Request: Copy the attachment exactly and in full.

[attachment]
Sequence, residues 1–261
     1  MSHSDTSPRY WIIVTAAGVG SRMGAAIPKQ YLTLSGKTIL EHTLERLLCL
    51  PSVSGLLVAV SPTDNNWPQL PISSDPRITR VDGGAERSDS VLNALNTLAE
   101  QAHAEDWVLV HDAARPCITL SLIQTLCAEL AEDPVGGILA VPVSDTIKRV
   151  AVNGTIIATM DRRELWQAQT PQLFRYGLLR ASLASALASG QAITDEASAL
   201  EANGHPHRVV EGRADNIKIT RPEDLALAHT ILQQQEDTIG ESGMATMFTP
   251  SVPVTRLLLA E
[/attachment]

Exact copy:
Sequence, residues 1–261
     1  MSHSDTSPRY WIIVTAAGVG SRMGAAIPKQ YLTLSGKTIL EHTLERLLCL
    51  PSVSGLLVAV SPTDNNWPQL PISSDPRITR VDGGAERSDS VLNALNTLAE
   101  QAHAEDWVLV HDAARPCITL SLIQTLCAEL AEDPVGGILA VPVSDTIKRV
   151  AVNGTIIATM DRRELWQAQT PQLFRYGLLR ASLASALASG QAITDEASAL
   201  EANGHPHRVV EGRADNIKIT RPEDLALAHT ILQQQEDTIG ESGMATMFTP
   251  SVPVTRLLLA E